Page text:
Serendipity is a lengthy album, but a worthy one, the eighth installment in Ici d’ailleurs’ Mind Travels series. And travel it does, tracing the seasons of a real orchard through impression and song. The photography of Francis Meslet (whose art book is about to be released through the label as well) is a welcome adornment.
The group is comprised of Aidan Baker (guitar), Gaspar Claus (cello), Franck Laurino (drums) and Maxime Tisserand (clarinets), each members of their own bands yet united for this occasion like a special group of X-Men recruited for a cause. The disparate nature of their bands is responsible for the shifting timbres, which begin in ambience and end in post-rock, although hints of the latter can be found throughout the early going as well. The four-part opener “A Day Staring at Eternity” emphasizes that sense of drift, although the title is a conundrum: if eternity exists, what is a day? By the fourth segment, Claus’ cello begins to sing a lament for a passing season, while rousing the drums from sleep. A late bout of distortion seems to indict the idea of just staring. The future is not set in stone; there’s still time to adjust the course of one’s life, or the life of the planet.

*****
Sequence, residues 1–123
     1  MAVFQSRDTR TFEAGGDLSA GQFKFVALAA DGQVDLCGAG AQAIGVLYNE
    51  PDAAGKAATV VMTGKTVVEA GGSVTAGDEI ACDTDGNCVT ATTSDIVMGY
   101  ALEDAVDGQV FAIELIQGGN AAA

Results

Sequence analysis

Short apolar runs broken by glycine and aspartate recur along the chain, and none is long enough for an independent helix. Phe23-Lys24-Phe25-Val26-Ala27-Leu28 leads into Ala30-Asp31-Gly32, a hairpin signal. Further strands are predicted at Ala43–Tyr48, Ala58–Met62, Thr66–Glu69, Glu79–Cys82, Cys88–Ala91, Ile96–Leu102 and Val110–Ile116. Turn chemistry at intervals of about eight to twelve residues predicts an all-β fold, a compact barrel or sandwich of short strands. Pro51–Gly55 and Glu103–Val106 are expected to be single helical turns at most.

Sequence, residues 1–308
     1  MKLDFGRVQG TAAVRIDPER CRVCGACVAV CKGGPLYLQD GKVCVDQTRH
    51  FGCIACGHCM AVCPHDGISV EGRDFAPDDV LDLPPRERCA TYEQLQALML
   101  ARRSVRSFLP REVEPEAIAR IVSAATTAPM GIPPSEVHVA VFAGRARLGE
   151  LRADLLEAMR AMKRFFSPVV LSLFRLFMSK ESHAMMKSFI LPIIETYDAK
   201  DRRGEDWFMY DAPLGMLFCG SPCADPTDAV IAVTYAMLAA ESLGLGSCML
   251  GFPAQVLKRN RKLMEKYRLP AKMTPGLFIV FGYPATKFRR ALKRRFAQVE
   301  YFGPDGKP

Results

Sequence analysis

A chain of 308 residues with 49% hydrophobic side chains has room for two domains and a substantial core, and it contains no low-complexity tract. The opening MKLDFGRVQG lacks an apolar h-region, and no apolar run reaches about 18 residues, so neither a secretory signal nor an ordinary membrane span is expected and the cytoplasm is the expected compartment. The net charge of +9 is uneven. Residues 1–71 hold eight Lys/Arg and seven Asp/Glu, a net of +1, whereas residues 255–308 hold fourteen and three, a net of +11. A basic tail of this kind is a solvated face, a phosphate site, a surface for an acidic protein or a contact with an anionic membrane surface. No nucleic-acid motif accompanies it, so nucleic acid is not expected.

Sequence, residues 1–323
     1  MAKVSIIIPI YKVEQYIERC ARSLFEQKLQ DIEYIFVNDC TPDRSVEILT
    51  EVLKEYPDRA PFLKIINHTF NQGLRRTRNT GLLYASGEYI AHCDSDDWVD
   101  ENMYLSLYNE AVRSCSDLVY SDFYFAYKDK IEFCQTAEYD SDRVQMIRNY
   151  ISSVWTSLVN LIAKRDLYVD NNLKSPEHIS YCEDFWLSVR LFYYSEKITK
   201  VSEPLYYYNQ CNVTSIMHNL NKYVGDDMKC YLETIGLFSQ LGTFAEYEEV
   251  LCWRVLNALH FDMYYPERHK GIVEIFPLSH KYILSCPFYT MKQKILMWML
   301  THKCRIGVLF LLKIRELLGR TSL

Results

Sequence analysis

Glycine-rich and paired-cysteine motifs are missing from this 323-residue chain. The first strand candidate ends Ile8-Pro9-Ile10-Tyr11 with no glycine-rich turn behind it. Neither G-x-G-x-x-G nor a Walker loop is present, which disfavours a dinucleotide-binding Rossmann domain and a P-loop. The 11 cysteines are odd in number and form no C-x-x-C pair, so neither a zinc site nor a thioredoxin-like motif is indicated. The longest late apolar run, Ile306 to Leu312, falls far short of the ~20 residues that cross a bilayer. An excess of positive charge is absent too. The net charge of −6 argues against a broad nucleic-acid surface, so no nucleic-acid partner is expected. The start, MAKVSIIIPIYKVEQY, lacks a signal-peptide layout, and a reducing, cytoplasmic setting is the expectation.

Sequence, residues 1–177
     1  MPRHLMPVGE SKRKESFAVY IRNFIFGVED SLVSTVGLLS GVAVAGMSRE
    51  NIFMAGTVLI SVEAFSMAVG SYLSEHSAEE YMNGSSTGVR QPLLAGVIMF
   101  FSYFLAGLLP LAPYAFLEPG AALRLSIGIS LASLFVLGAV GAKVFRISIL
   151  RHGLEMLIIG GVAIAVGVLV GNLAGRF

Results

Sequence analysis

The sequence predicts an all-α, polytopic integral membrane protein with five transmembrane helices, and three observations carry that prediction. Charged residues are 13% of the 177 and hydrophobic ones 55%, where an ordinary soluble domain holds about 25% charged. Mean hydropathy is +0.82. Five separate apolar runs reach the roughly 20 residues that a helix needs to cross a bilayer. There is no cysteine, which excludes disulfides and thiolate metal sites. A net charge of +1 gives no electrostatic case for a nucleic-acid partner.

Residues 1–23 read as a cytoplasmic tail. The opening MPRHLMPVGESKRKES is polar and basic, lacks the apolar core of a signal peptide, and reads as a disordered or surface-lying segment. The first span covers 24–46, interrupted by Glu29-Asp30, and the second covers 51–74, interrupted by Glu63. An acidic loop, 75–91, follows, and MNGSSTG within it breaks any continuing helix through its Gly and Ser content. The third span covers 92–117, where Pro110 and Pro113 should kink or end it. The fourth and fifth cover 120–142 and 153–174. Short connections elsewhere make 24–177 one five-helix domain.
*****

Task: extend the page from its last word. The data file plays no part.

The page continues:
And still the seasons pass. And still the orchard stands, bearing mute witness to all it sees in its finite world. But the trees also set their seeds adrift upon the wind. The next tetrad, “Drawn with the wind”, is immediately more active, even tribal in nature, remembering the old ways. In these grooves we hear hints of another French collective, Oiseaux-Tempête. The piece gallops through its opening movement, settles in its second, revives in its jazzy third and foreshadows doom in its heavy finale. Yet while the quadriptych is tonally different from its predecessor, it creates the same feeling of time disintegrating, minutes collapsing into piles of disorganized shards. The hinted apocalypse comes to bear in the 21-minute monster piece “After all the sun is awakening”, which starts like a trawl through the deep sea before emerging on land, again on the back of the cello, like a fish discovering tiny leg buds. If we’re still in the orchard, we’re caught in the middle of a black, black night.
Two accessible tracks close the album, exposing the influence of Tisserand’s band Chapelier Fou. The tempos are upfront, the timbres rhythmic, especially on closer “We Host You”, which on its own is not wide-angled enough to provide a full impression. Think instead of four seasons, one tree; four artists, one album. The trunk is stable, but the flowers are in flux. (Richard Allen)